Vladimir Putin says Ukrainians and Russians have been one people since the early Middle Ages, when Kyiv was a Russian capital. Ukrainians say after centuries of rule by Mongols, Poles, and Russians, their time has come for self-rule. Putin in turn claims Russians in Ukraine need protection. It's all colored by the ambiguous ideal of one nation, one state.
The notion that each people should govern itself seems so obvious that it’s hard to realize it’s relatively new. As late as 1914, in central and eastern Europe and beyond, most folks lived in multi-ethnic empires. Rulers and nobles might speak one language, urban merchants a second, and peasants a third. This began to break down in the 1800s as social mobility increased. Small principalities combined to form German and Italian nation-states. Ethnic minorities in the Austro-Hungarian, Russian, and Ottoman empires pressed for autonomy. Then a Bosnian Serb nationalist shot a Habsburg archduke and set off World War I.
After the war, a new map of Europe broke the old empires into smaller states based on language, ancestry, culture, and religion. Each people would rule itself. Trouble is, barring isolation or genocide, populations mix. To create ethnic majorities is to create new minorities. They too may demand independence, in smaller and smaller units.
The century since World War I has been filled with ethnic conflict. If ethnic self-determination doesn’t bring unity and a sense of belonging, what does? For Ukraine, I'm at a loss. For the U.S., the best I can suggest is a shared national culture based not on ancestry but on our founding principles, such as equality under the law, a free press, due process, and the right to life, liberty, and the pursuit of happiness.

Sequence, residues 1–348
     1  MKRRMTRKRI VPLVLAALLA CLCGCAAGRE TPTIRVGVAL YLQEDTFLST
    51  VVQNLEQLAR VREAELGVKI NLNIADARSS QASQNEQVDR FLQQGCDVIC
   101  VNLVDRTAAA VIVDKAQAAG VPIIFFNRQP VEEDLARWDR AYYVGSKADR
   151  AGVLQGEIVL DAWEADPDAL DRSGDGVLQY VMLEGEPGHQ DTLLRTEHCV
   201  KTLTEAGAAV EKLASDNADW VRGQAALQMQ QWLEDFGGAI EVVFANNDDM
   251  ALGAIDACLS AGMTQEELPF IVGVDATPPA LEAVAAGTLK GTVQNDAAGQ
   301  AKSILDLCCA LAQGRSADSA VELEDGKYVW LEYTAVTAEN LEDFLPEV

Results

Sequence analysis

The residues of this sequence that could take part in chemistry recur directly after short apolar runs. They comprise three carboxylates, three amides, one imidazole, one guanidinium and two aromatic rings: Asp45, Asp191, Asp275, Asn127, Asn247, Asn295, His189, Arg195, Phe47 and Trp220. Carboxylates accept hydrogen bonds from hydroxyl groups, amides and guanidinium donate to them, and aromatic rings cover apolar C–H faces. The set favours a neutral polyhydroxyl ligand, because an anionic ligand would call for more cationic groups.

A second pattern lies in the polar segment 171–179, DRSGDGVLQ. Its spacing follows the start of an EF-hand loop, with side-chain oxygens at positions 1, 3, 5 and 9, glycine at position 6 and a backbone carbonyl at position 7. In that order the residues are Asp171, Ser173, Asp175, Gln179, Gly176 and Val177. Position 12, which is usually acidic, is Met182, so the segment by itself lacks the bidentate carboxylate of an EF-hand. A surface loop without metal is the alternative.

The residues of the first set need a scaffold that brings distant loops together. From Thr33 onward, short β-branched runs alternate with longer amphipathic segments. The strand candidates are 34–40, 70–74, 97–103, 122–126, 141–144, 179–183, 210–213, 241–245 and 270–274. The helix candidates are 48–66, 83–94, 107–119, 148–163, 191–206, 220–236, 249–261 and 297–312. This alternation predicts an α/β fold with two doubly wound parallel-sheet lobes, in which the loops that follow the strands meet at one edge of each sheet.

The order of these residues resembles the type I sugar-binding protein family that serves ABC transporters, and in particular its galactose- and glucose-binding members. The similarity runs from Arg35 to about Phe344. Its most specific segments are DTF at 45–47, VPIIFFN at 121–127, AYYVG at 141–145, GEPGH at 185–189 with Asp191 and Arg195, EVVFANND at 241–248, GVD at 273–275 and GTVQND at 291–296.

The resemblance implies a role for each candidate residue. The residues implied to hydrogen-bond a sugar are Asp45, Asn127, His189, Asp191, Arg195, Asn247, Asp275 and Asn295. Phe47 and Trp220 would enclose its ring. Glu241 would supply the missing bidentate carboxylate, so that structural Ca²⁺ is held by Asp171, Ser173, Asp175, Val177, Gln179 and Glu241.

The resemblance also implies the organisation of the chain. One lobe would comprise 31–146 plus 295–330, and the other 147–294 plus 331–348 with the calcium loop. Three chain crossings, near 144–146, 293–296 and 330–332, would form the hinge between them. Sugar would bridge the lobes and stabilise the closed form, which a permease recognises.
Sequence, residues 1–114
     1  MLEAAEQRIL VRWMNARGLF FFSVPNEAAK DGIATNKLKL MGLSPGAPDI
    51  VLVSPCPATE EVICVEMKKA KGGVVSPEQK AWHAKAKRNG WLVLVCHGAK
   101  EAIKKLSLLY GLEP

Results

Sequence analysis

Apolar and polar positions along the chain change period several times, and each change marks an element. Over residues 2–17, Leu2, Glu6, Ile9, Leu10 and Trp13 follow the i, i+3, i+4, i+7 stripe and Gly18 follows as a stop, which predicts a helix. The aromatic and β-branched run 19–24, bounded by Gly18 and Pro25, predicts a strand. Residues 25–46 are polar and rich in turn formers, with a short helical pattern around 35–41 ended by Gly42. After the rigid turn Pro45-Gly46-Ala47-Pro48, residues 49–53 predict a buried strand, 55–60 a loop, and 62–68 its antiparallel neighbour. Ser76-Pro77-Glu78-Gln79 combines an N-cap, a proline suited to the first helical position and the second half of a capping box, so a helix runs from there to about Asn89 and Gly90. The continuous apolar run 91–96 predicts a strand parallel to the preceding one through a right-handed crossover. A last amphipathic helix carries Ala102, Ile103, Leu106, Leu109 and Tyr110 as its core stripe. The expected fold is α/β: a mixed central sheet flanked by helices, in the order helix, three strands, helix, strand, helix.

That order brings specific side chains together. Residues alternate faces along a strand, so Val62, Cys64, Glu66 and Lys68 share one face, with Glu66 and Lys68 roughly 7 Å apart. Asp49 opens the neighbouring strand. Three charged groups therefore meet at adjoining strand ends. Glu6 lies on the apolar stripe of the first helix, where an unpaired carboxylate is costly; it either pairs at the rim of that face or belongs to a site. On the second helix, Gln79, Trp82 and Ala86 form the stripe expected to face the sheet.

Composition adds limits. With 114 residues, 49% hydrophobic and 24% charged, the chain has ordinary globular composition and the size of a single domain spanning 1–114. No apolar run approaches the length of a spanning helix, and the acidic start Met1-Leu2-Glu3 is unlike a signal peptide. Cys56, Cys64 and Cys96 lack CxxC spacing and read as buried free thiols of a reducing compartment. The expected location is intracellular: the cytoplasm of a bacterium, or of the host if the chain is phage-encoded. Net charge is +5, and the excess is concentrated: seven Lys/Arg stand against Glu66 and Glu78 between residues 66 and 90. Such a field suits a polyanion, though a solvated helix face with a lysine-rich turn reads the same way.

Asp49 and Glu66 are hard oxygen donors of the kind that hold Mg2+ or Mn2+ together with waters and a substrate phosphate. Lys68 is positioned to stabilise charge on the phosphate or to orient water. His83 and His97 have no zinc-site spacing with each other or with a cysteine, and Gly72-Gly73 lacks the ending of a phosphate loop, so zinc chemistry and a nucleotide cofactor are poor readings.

When this question first puzzled me weeks ago, I didn’t realize how many assumptions it holds. That empathy is a gift to the person whose feelings (real or imagined) one feels vicariously. That it is always desirable, at least to that person. That it is either earned by merit or a basic human right. The more I think about it, the more complicated it gets.
The capacity for empathy is innate, one of many unconscious ways we copy those we interact with. Babies cry when they hear a baby cry. Dogs bark when they hear a dog bark. Empathy helps us learn from each other’s experiences, predict others’ behavior, and cooperate. In evolutionary terms, passing on the relevant genes depends more on empathy’s survival value for empathic individuals and communities than for the people whose feelings are mirrored.
Even so, empathy is not always helpful. I don’t want to empathize with the hater or promoter of unfounded fear. Parents calm an anxious child by not getting anxious themselves. I’d prefer my surgeon pain-free and focused, even when I’m distracted by pain. Caring, yes. Understanding, yes. Recognizing another’s humanity, yes. But whether or not empathy is appropriate in any particular case may have nothing to do with deserving.